I look forward to developing my career with inspiration from this incredible group of GIS professionals.

Celebrating Women In GIS: Alexa Todd

Alexa Todd is a GIS Specialist in Metro’s Research Center. She first joined ORURISA in 2016 as the president of what is now the Emerging Professionals and is on her second term as an at-large board member. Alexa is the 2021 GIS in Action conference chair after participating in the planning since she was a grad student at PSU, taking on roles including the program chair and the volunteer coordinator. Alexa spends her time adventuring on trails with her partner and dog and accomplished her first 50-mile race in July on the PCT through the Mt. Hood National Forest.

Upcoming Events

ORURISA offers a FREE ArcGIS Portal User Summit 

@Zoom on November 19, 2020 8:30 AM - 10:30 AM

The ArcGIS Enterprise Portal has become an important staple/backbone for government GIS & IT organizations to share, manage, secure, and analyze their data. Enterprise gives you complete control over your deployment, but navigating the full implementation for Enterprise & Portal can be daunting and technical at times. This Portal Summit is a peer to peer learning opportunity for government and other entities’ GIS & IT staff to share their experiences and best practices with implementing Portal. While the Portal Summit is not affiliated with Esri, there will be Esri staff on hand to help answer questions and develop a possible follow up workshop with ORURISA to address challenging topics that we unearth during the Portal Summit. We will have five panelists from Oregon local and state governments who are proficient in the implementation of Enterprise and Portal and will cover topics ranging from architecture, collaboration, governance, security, and data management strategies. The Portal Summit will be open to everyone, but the discussions will be targeted toward government staff. Please visit the ORURISA Events page for more information and registration details.  https://www.orurisa.org/Events.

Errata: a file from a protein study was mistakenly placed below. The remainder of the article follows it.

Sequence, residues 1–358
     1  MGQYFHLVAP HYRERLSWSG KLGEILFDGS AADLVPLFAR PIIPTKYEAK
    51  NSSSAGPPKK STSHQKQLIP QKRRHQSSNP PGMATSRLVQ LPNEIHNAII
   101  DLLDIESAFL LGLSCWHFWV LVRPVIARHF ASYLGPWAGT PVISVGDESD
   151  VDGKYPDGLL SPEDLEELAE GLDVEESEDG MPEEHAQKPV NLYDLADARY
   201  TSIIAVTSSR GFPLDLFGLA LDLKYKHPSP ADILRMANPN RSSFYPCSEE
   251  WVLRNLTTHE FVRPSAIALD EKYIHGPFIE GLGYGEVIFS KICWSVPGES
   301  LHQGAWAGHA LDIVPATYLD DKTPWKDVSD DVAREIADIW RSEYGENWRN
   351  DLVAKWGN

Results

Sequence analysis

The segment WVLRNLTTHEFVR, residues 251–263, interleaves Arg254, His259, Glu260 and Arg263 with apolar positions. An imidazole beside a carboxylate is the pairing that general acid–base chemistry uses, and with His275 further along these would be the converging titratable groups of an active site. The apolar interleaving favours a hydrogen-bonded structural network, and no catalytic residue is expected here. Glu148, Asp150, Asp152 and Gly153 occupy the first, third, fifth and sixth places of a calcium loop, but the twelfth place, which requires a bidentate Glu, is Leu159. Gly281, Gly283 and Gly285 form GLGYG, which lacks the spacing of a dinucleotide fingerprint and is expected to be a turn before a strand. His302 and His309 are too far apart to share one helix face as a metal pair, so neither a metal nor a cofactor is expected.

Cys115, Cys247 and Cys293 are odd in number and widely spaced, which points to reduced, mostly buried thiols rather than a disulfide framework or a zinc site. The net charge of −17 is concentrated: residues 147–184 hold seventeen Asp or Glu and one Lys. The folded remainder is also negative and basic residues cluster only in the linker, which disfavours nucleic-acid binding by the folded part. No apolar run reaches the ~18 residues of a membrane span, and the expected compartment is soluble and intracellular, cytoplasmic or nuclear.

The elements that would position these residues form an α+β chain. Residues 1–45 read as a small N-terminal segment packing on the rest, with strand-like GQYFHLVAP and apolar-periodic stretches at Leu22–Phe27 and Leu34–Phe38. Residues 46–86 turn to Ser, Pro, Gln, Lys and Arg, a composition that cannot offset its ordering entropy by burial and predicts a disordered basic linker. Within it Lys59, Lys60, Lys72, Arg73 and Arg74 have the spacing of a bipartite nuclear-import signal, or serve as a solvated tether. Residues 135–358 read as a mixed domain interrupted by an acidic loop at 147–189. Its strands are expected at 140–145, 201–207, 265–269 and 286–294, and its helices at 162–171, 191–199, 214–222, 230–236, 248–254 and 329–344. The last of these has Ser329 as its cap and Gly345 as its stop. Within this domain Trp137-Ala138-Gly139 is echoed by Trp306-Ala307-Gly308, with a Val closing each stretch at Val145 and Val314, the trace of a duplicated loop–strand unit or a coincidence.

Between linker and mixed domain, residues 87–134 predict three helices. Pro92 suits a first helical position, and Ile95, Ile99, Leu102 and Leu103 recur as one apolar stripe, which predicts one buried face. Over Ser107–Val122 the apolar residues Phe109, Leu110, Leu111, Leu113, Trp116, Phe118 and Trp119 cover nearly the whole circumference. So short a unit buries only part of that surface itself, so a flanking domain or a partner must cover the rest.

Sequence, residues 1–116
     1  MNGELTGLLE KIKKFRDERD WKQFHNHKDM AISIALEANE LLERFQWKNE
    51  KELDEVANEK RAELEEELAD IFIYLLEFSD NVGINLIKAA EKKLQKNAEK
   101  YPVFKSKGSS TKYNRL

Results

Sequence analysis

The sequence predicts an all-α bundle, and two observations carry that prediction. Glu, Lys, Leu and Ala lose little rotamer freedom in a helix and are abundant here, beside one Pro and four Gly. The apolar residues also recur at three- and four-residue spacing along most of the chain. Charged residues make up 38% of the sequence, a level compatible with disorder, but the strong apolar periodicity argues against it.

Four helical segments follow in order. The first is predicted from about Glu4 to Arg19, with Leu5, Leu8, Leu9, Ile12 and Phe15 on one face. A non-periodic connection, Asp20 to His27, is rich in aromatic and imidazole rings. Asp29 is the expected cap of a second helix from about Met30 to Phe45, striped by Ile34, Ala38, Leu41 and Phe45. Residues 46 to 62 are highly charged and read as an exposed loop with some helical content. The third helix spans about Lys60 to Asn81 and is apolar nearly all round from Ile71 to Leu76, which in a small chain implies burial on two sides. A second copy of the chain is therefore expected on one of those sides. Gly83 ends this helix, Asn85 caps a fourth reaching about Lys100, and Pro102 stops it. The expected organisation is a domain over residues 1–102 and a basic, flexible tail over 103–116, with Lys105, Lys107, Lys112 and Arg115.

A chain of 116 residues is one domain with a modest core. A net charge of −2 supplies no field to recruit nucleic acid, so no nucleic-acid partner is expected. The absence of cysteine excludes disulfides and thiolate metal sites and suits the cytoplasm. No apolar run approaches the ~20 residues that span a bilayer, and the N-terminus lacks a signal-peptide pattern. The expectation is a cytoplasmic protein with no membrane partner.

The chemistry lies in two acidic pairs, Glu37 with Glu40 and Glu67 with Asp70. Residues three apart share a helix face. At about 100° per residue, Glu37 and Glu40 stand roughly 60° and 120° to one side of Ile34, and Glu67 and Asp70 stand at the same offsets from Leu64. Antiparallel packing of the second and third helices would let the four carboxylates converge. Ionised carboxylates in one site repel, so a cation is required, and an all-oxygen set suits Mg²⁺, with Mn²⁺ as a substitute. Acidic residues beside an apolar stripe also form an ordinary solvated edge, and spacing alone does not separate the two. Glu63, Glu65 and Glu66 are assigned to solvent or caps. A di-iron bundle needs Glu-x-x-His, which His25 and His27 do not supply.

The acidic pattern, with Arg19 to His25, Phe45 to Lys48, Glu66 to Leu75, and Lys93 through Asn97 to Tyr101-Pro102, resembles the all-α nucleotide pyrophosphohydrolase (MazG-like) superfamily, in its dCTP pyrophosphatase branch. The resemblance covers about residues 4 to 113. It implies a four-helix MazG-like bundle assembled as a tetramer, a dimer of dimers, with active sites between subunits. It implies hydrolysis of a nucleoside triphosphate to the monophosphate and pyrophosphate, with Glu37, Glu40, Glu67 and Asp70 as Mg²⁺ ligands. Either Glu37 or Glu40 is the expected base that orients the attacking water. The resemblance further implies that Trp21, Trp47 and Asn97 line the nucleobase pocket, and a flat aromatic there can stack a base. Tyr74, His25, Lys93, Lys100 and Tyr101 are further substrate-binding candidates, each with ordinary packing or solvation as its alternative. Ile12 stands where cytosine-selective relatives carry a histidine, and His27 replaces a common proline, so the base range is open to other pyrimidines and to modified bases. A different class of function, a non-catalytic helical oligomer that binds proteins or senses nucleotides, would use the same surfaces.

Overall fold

2021 GIS in Action Annual Conference 

The GIS in Action Conference committee is planning a virtual event for spring 2021. More information will available and emailed to you next month. Please visit the GIS in Action page for more information and registration details: https://www.orurisa.org/GISinAction. 

Meet Our New Board Members

President elect: Keith Massie

At large members: John Ruffing and Alicia Milligan

Keith Massie is a GIS Resources Manager at Roseburg: A Forest Products Company. Keith has been involved with the Oregon & Southwest Washington URISA Chapter in various roles for the past 20 plus years. He was the former co-chair of GIS In Action for seven years. His primary focus as a Chapter member is to facilitate GIS workshops that are affordable, relevant to our membership.

John is an ESRI account representative for Oregon and SW Washington. John has a long and excellent GIS career with an experience that involves working with many city governments. He brings a unique perspective to the ORURISA board.

Alicia Milligan is currently a part-time Geography/GIS instructor at Portland Community College. Additionally, she is putting the final touches on her master's thesis in the Sense of Place in Mt. Hood National Forest for a Masters of Geography at Portland State University. She has a BS in Geography with a minor in Sustainable Urban Development and recently earned a GIS certificate from Portland State University. Alicia is the current president of Emerging Professionals (EP) and has been a board member of ORURISA EP for several years. Alicia is highly engaged in the GIS community and involved in many projects related to public participation GIS, humanitarian efforts, environmental issues, and community involvement. Being an advocate of outdoor recreation, Alicia spends her extra time bouldering, climbing, backpacking, hiking, and spending time in nature with her husband and two children.

As a woman in GIS, Alicia is very proud of her ability to be a role model for other women interested in science and GIS. She is an advocate for equitable opportunities and the expression of ideas for all interested in the geospatial world.

Share Your GIS Story

If you have a story to share, project to present, success to celebrate, comments or feedback please email Tara Kaur, Communications Director of ORURISA at: communications@orurisa.org.